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​Working Out the Audio Path

A project log for An Old Fashion Acoustic Modem for the iPhone

My son recently returned from a holiday in China. His biggest complaint was the blocking of FaceBook!

agp.cooperagp.cooper 01/22/2017 at 01:570 Comments

Working Out the Audio Path

Microphone Estimate Check

Here is my estimate for speaking into a microphone 25 mm away:

Speaking into a microphone Estimate
Voice at 1 m60.0dB SPL (1 W / 1 m)
No Power Adjustment0.0dB
SPL (uP) -> V rms (the magic number!)-74.0dB
Microphone Sensitivity-63.0dB
Microphone Rated at 1k Load0.0dB
Assume an effective 25 mm mouth to microphone spacing32.0dB
Amplifier Gain (x1)0.0dB
Voltage (rms)-45.0dB
Voltage (rms)5.623mV rms
Voltage (pp)15.905mV pp


So is the mathematics right?

Jack Smith (www.cliftonlaboratories.com/microphone_output_level.htm) piblished:

"The image below is at a speaking level more typical of what I would use in a normal QSO. Although there are a few peaks of 40 mV or more, the majority of the speech is around 20 mV peak-to-peak."

So my estimate is reasonable.

iPhone Output Level

Next, what is the output level of the iPhone in normal handset mode?

Hard to find on the Internet but a "dial tone" was quoted at 80 dB. This sounds okay, 80 dB is the level where you raise your voice to be heard and beyond that you risk long term hearing damage.

On that basis I can expect 4 vpp from the microphone (assuming I use the standard 1k load resistance, the microphone sensitivity is proportional to the load resistance within limits):

Dial Tone Estimate
Telephone Dial Tone80.0dB SPL (1 W / 1 m)
No Power Adjustment0.0dB
SPL (uP) -> V rms-74.0dB
Microphone Sensitivity-63.0dB
Microphone rated at 1k load0.0dB
Assume an effective 10 mm speaker to microphone spacing0.0dB
Amplifier Gain (x1)0.0dB
Voltage (rms)-57.0dB
Voltage (rms)1.413mV rms
Voltage (pp)3.995mV pp

Here I have had to assume an effective speaker to microphone distance of 10 mm.

Modem Speaker to iPhone Estimate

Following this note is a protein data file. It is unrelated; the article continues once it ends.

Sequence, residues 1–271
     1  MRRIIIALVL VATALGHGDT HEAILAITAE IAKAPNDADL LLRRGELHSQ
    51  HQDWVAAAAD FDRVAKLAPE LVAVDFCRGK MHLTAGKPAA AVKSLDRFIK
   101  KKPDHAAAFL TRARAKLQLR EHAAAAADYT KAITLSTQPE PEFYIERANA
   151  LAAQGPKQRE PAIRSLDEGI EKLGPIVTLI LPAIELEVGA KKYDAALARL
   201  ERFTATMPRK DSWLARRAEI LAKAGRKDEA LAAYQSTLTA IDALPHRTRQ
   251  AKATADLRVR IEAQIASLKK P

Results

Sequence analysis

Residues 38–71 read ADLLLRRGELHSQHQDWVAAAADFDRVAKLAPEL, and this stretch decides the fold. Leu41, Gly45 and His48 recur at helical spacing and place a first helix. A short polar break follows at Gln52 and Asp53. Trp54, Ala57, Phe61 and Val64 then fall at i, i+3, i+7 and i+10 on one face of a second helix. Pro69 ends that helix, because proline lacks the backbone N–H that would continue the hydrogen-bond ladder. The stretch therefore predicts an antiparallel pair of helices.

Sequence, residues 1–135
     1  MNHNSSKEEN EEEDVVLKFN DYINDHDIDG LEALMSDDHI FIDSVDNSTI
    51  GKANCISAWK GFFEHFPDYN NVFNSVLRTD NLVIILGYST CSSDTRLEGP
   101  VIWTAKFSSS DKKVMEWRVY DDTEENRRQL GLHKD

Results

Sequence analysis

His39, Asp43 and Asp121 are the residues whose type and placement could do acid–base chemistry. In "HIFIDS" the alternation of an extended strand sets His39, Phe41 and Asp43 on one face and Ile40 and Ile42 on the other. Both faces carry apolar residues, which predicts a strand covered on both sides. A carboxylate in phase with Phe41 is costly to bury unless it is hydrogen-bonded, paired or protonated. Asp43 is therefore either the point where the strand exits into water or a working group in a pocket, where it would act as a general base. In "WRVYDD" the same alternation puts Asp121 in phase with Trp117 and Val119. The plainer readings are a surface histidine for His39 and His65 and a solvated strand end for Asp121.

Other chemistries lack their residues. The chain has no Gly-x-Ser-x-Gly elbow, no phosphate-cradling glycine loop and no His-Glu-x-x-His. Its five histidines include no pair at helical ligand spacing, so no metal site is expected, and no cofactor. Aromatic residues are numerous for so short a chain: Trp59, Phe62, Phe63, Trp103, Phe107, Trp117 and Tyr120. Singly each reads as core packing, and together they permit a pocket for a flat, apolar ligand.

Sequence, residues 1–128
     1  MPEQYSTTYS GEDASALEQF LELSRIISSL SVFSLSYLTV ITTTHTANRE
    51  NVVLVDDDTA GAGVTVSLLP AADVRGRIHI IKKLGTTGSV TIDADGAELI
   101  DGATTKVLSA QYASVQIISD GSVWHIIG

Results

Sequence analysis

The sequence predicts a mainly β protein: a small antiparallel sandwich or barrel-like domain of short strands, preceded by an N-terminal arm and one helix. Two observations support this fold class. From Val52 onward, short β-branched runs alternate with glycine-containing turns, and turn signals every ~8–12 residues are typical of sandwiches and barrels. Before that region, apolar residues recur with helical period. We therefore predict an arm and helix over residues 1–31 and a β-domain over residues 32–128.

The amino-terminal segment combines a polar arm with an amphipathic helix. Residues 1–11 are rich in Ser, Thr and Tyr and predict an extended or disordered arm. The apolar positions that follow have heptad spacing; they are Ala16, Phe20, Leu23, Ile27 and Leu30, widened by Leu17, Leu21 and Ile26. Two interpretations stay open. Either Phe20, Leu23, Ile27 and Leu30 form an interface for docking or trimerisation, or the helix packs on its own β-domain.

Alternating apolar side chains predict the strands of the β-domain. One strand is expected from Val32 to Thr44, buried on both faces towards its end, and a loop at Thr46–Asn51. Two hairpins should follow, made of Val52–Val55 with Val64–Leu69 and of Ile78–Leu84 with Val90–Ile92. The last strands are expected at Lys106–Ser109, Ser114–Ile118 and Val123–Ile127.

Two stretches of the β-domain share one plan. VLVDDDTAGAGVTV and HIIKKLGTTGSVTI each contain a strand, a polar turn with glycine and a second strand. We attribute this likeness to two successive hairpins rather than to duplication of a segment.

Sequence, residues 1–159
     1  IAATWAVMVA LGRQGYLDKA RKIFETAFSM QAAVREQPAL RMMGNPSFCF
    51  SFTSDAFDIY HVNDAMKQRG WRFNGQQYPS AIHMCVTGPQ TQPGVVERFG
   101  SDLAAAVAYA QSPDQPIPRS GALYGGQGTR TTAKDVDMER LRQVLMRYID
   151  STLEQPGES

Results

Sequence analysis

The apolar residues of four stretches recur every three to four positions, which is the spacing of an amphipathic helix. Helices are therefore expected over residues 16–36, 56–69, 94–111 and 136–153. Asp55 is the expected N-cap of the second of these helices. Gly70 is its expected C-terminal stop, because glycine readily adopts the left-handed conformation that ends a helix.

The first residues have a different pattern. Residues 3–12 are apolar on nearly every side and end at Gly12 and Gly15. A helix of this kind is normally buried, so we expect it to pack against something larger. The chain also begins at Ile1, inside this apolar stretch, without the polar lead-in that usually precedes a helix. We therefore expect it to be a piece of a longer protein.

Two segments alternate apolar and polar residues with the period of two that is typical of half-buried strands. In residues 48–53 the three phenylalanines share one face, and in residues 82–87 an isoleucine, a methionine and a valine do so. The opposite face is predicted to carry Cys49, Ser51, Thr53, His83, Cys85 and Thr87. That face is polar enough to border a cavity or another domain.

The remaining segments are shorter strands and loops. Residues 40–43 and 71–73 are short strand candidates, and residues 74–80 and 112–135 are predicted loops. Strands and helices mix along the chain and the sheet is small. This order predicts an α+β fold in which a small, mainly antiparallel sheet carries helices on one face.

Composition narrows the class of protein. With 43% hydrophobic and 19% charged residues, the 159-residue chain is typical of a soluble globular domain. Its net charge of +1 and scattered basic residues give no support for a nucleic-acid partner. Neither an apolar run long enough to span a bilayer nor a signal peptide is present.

Here I have made two calculations: the first is normal speaking into an iPhone and the second the modem. The main difference is the power and distance from the "speaker" to the microphone:

Voice to Iphone
Speaker Sensitivity60.0dB SPL (1 W / 1 m)
No Power Adjustment0.0dB
Distance Correction (50 mm)26.0dB
Sound Level86.0dB
Speaker to Iphone
Speaker Sensitivity80.0dB SPL (1 W / 1 m)
Power Adjustment (4 mW)-48.0dB
Distance Correction (10 mm)40.0dB
Sound Level72.0dB

There is a difference af 14 dB (x5) but this is well within the AGC range of the iPhone.

So the current design is workable.

iPhone to Modem Microphone Estimate

This question is more about the amount of gain required for the modem microphone:

Modem Receive Estimate
iPhone Output80.0dB SPL (1 W / 1 m)
No power adjustment0.0dB
SPL (uP) -> V rms-74.0dB
Microphone Sensitivity-63.0dB
Microphone rated at 1k load0.0dB
Assume an effective 10 mm speaker to microphone spacing0.0dB
Amplifier Gain (x200)46.0dB
Voltage (rms)-11.0dB
Voltage (rms)0.283V rms
Voltage (pp)0.799V pp

As the target average uP signal is about 0.7 vpp in order to maximise the dynamic range (5 v down to 0.1 v), a microphone gain of x200 is required. An LM386 would work well here.

The AM4011 Microphone

Checking the bias current for the AM4011 microphone:

Voltage across microphone Microphone Current
2.2 v0.31 mA
4.4 v0.32 mA
7.7 v0.36 mA

Based on the above measurements, a 5v supply and a 10k load resistor will work fine (approximately 2 volts across the microphone). This suggests a 20 dB gain improvement over the 1k load resistor test condition.

This suggest I will have to reduce the microphone amplifier back to maintain 1 vpp:

Modem Receive Estimate
iPhone Output 80.0 dB SPL (1 W / 1 m)
No power adjustment 0.0 dB
SPL (uP) -> V rms -74.0 dB
Microphone Sensitivity (rated at 1k load) -63.0 dB
10k Microphone Load Resistor 20.0 dB
Assume an effective 10 mm speaker to microphone spacing 0.0 dB
Amplifier Gain (x25) 28.0 dB
Voltage (rms) -9.0 dB
Voltage (rms) 0.353 V rms
Voltage (pp) 0.999 V pp

We will see if the microphone amplifier can be dropped back to a gain of only 28 dB!

Microphone Test In-Circuit

I assembled Modem V2 and checked the microphone circuit. The microphone worked well but only had 0.9v across it? Checked the circuit for wiring errors and incorrect component values, no faults found. Took the microphone out and checked it again (2.17v with a 10k resistor). Now I know the power supply for the test is 5.22v and the Nano gives out only 4.69 volts and I included a 1k resistor in series with the 10k resistor for the decoupling capacitor but 0.9v, really? Eventually I worked out that the decoupling capacitor was bad so I replaced it. I decided to bump up the microphone voltage by replacing the 10k resistor with a 6k8 resistor. The microphone voltage is now 2.15v in-circuit. I have another microphone which measured 1.8v in the same out of circuit test, so good to be above 2v in -circuit.

With speaking normal level voice at 0.5m I am getting about 0.5vpp. My dog barking at the rubbish truck 3m from the microphone pull 5vpp.

A 500uW signal from the modem speaker pulls 1vpp at 1cm.

AlanX

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